The Migos are in a tough spot right now; trapped between hip-hop’s traditions and its possible future, the way forward grows murkier the longer they face their current situation. Receiving backlash for reportedly refusing to perform alongside a troupe of drag queens for their appearance on pop singer Katy Perry’s “Bon Appétit” for Saturday Night Live, the Atlanta Versace aficionados were handed a puzzle with no solution and told to figure it out on their own.
Yes, they have landed in hot water already for comments they previously made with regard to fellow trap entertainer Makonnen’s recent coming-out as gay, and for turning down the possibility of a performance with him at a gay venue. Look, no one is excusing the things they have said. This is not a defense of Migos’ rights to say offensive things with regards to marginalized groups. They absolutely have to face consequences for their actions, whether that be a hit to the pockets or a potentially embarrassing article on a popular rap blog.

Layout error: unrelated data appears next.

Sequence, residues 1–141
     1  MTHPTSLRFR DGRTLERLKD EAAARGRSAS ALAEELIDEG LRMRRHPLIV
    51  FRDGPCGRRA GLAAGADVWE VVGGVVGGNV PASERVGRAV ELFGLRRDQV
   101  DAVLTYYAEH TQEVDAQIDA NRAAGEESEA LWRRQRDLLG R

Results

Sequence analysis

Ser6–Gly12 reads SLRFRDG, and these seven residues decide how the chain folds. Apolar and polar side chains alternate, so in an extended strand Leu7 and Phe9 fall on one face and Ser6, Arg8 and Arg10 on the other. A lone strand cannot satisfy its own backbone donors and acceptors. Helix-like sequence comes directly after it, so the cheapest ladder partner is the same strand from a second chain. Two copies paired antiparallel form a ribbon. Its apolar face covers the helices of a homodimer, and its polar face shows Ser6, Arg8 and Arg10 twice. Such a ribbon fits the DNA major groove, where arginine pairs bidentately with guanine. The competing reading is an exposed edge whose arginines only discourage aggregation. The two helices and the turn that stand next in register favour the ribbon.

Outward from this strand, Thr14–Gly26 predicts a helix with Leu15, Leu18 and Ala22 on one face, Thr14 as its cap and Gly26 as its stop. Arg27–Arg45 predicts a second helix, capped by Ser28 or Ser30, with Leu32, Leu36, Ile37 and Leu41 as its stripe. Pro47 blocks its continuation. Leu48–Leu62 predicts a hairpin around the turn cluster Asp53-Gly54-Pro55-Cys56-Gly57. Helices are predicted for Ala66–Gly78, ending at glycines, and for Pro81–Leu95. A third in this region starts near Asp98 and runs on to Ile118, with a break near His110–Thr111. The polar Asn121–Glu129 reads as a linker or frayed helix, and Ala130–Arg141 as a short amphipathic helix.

However, the way we box artists in — especially black rap artists — with respect to their slip-ups in the social media era, is concerning. There are any number of reasons Takeoff, Quavo, and/or Offset may have felt uncomfortable with the performance, yet their past comments, even the ones that weren’t so disparaging, have come back to haunt them and continue to fuel speculations of the group’s supposedly homophobic leanings.